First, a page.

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THE NEWLY HIRED AND TRAINED worker for the Crisis Van (aka Mobile Response Unit) starts work this week, Sheriff Kendall said Wednesday. The Measure B Committee approved the funding for three crisis positions last June, but Mendo being Mendo, we’re only now seeing the first one and there’s no one else in the recruitment/training pipeline at the moment.
THE PLAN is for two more crisis workers, one for the North County and one on the Coast. The idea is simple and should not have taken decades to arrange: A trained county crisis worker rides in a deputy’s patrol car and responds with the deputy on calls involving mental health; many of those calls are for people known to law enforcement.
RECRUITMENT for crisis workers is moving at a snail’s pace — finding the right candidates isn’t easy, and so far only thhis first one has been approved. 911 emergency protocols have been adjusted to accommodate the new unit’s availability which, we’re told, will be most weekends and late night.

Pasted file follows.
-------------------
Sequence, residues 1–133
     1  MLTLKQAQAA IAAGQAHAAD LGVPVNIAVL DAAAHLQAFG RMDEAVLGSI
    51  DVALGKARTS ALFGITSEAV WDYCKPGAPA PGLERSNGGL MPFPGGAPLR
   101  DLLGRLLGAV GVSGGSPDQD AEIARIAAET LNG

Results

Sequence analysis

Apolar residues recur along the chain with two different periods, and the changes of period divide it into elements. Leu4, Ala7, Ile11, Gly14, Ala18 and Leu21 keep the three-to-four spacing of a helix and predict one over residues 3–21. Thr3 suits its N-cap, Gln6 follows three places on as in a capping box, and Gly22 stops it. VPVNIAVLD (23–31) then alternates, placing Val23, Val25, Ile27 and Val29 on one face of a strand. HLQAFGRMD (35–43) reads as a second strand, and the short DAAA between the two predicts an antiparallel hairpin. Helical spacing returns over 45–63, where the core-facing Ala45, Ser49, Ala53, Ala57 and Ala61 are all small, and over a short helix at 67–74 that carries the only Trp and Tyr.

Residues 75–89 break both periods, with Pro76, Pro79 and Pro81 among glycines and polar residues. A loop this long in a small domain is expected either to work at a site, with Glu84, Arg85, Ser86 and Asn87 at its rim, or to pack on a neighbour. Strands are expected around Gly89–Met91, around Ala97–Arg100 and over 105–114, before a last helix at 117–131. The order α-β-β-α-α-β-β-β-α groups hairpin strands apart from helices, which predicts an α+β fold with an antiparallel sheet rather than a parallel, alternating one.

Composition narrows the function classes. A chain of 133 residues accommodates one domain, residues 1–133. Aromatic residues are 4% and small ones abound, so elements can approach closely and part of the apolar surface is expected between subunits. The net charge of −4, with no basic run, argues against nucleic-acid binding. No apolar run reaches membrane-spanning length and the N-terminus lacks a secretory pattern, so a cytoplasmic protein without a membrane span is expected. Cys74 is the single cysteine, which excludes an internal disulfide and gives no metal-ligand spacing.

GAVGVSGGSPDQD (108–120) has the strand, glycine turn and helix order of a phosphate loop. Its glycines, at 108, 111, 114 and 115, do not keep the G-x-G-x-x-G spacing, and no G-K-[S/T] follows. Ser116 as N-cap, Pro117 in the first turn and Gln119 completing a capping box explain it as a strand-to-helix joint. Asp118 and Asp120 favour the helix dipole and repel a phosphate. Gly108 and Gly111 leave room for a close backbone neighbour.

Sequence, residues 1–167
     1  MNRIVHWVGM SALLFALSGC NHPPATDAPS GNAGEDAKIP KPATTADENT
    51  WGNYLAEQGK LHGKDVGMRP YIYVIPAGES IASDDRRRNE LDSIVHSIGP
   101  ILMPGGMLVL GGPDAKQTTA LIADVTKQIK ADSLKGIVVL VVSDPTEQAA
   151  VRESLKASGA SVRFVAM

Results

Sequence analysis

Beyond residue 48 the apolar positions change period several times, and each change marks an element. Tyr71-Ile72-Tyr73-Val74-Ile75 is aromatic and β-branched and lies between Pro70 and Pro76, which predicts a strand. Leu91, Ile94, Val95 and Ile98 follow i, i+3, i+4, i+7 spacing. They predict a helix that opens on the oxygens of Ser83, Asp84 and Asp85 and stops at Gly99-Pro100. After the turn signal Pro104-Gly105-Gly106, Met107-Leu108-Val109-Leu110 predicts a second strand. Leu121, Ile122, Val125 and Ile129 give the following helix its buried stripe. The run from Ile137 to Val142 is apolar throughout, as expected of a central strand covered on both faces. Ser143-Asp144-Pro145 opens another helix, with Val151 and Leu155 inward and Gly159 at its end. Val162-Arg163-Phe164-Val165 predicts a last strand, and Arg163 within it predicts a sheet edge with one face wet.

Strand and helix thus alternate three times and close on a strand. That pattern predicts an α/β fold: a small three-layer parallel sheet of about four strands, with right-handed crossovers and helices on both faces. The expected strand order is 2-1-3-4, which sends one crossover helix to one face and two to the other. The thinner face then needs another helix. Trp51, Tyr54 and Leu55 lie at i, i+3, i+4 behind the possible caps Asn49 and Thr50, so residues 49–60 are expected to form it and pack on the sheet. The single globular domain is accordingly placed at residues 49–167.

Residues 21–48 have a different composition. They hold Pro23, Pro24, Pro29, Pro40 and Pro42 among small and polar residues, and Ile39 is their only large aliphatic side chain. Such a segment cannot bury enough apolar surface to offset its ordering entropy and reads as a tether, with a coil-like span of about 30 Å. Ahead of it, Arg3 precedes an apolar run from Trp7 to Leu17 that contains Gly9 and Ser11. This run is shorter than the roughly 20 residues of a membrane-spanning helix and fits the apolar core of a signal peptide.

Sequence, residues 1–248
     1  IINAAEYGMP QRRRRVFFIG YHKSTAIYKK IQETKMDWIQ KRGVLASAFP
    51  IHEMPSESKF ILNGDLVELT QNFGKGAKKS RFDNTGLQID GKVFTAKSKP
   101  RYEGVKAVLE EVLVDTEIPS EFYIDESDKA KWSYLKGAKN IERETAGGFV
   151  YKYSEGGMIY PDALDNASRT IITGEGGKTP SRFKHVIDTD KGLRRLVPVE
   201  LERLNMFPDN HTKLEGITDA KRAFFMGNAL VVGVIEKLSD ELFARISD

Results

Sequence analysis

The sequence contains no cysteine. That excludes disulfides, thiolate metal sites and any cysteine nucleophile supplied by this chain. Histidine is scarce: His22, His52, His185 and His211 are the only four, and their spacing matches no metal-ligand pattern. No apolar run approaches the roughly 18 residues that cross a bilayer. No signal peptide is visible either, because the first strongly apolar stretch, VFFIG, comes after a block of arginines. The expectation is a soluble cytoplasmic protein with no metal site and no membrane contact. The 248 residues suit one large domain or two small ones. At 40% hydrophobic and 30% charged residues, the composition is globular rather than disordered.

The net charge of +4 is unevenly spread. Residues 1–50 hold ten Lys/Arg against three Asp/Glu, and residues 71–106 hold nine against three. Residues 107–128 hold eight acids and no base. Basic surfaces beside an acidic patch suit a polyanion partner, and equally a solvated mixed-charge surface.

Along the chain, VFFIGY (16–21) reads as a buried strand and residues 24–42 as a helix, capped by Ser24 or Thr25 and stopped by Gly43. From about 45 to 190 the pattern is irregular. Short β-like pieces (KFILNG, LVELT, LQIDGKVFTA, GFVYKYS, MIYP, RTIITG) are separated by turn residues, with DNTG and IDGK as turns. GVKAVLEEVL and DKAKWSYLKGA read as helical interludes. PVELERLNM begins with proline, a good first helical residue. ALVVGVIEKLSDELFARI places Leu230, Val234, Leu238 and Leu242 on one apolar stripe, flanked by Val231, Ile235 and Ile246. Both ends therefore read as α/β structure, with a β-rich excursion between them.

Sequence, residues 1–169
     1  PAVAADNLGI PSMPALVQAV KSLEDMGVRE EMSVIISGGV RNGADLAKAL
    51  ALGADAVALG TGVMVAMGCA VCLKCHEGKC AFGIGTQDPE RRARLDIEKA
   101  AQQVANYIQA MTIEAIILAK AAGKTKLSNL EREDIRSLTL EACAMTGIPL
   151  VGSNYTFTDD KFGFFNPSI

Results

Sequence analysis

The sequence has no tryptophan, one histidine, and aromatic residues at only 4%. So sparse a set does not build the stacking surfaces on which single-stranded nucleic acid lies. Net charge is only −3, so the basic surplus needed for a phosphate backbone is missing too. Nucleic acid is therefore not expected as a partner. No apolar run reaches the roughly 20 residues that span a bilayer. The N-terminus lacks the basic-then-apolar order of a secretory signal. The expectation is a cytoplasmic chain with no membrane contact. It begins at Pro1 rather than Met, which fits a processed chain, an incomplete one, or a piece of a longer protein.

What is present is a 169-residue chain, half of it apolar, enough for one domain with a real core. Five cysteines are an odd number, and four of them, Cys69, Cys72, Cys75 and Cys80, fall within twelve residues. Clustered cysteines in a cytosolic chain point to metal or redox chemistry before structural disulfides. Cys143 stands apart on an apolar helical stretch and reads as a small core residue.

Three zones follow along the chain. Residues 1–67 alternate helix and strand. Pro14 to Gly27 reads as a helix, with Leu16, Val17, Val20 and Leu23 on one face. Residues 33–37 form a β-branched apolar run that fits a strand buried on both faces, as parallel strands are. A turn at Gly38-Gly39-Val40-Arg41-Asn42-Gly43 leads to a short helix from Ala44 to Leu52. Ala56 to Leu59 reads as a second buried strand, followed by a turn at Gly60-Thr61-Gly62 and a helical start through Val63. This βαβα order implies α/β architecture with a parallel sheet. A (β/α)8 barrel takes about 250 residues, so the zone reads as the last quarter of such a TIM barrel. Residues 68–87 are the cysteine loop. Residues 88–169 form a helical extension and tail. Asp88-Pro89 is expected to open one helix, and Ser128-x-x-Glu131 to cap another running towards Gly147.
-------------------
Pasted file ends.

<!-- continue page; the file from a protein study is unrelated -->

IF A 911 call involves a formal 5150 designation (or the possibility of one) we expect that the number of mental health cases ending up in emergency rooms will be reduced, and here's hoping someone will keep track.
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THE COUNTY PLANNING COMMISSION has come up with a sensible compromise for the 10% of your parcel for pot proposal the Supes are trying to sell to a mostly skeptical local populace. Among several other adjustments to the Supervisor's pot expansion proposal to allow up to 10% of your parcel for pot cultivation (i.e., 16 acres on a 160 acre parcel), the Planning Commission says, OK, but in no case more than two acres — a hard cap but still a pretty big grow by Mendo standards. They also want to limit hoop house size and require proof of water on top of the Supervisors limitations that these expansions can only be done where the land was already in recognized ag production. The PC’s proposals now go back to the Supes for reconsideration before being made official. So far the libertarian idea that telling pot growers — or grape growers for that matter or anybody else — that they can grow as big as conditions permit has dominated the Board’s unpopular approach, as exemplified by Supervisors Williams’ statement that limitations on size such as those proposed by the more deliberative Planning Commission “reeks of a communist cannabis model.”